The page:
This is crossposted from Statistical Modeling, Causal Inference, and Social Science.
Back in 2020, leading academics and researchers at the company now known as Meta put together a large project to study social media and the 2020 US elections — particularly the roles of Instagram and Facebook. As Sinan Aral and I had written about how many paths for understanding effects of social media in elections could require new interventions and/or platform cooperation, this seemed like an important development. Originally the idea was for this work to be published in 2021, but there have been some delays, including simply because some of the data collection was extended as what one might call “election-related events” continued beyond November and into 2021. As of 2pm Eastern today, the news embargo for this work has been lifted on the first group of research papers.
I had heard about this project back a long time ago and, frankly, had largely forgotten about it. But this past Saturday, I was participating in the SSRC Workshop on the Economics of Social Media and one session was dedicated to results-free presentations about this project, including the setup of the institutions involved and the design of the research. The organizers informally polled us with qualitative questions about some of the results. This intrigued me. I had recently reviewed an unrelated paper that included survey data from experts and laypeople about their expectations about the effects estimated in a field experiment, and I thought this data was helpful for contextualizing what “we” learned from that study.
So I thought it might be useful, at least for myself, to spend some time eliciting my own expectations about the quantities I understood would be reported in these papers. I’ve mainly kept up with the academic and grey literature, I’d previously worked in the industry, and I’d reviewed some of this for my Senate testimony back in 2021. Along the way, I tried to articulate where my expectations and remaining uncertainty were coming from. I composed many of my thoughts on my phone Monday while taking the subway to and from the storage unit I was revisiting and then emptying in Brooklyn. I got a few comments from Solomon Messing and Tom Cunningham, and then uploaded my notes to OSF and posted a cheeky tweet.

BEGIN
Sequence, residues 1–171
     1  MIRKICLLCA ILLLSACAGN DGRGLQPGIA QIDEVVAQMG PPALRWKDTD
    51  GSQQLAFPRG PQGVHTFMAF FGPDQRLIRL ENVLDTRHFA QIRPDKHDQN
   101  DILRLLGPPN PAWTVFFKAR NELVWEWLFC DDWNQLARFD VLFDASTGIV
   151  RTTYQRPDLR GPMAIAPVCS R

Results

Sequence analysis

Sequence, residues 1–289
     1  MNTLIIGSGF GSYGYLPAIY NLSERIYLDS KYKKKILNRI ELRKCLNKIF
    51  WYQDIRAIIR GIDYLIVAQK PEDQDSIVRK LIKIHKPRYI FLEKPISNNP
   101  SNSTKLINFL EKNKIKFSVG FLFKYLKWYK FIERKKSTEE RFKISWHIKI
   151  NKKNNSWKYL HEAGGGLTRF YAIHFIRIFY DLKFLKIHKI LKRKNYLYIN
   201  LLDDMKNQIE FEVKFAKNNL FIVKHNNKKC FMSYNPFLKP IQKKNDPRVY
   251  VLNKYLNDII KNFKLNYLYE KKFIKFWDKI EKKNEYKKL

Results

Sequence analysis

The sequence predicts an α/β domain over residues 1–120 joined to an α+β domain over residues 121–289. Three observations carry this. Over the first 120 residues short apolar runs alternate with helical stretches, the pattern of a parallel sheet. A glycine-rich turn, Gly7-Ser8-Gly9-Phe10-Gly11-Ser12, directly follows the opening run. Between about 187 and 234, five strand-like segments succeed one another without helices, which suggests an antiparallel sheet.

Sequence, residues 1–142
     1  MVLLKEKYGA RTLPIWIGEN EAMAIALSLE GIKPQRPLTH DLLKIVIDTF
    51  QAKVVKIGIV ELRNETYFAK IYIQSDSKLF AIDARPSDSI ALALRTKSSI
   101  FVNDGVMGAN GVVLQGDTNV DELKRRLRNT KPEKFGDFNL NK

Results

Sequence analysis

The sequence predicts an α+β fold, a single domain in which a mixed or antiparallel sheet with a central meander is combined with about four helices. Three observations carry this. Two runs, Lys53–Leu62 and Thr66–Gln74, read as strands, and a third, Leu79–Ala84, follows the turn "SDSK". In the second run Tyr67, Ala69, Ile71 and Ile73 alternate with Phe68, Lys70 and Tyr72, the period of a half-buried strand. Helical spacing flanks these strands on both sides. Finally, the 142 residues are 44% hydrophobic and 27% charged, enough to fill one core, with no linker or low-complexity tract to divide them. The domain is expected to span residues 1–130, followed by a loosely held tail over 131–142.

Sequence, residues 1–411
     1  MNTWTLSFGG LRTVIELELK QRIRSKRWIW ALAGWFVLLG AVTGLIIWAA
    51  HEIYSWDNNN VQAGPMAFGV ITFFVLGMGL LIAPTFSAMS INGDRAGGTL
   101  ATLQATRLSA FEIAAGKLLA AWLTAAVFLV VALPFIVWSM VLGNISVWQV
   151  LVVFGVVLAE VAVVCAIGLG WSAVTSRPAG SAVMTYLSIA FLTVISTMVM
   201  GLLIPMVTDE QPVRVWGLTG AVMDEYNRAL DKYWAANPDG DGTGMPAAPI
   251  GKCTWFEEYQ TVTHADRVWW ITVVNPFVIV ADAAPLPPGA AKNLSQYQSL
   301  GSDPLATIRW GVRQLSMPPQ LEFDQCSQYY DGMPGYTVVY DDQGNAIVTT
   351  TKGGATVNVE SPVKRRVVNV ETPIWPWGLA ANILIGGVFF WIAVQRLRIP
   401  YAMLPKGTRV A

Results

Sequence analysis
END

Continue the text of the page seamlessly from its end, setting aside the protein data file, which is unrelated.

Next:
Since then, starting yesterday, I’ve spoken with journalists and gotten to view the main text of papers for two of the randomized interventions for which I made predictions. These evaluated effects of (a) switching Facebook and Instagram users to a (reverse) chronological feed, (b) removing “reshares” from Facebook users’ feeds, and (c) downranking content by “like-minded” users, Pages, and Groups.
My main expectations for those three interventions could be summed up as follows. These interventions, especially chronological ranking, would each reduce engagement with Facebook or Instagram. This makes sense if you think the status quo is somewhat-well optimized for showing engaging and relevant content. So some of the rest of the effects — on, e.g., polarization, news knowledge, and voter turnout — could be partially inferred from that decrease in use. This would point to reductions in news knowledge, issue polarization (or coherence/consistency), and small decreases in turnout, especially for chronological ranking. This is because people get some hard news and political commentary they wouldn’t have otherwise from social media. These reduced-engagement-driven effects should be weakest for the “soft” intervention of downranking some sources, since content predicted to be particularly relevant will still make it into users’ feeds.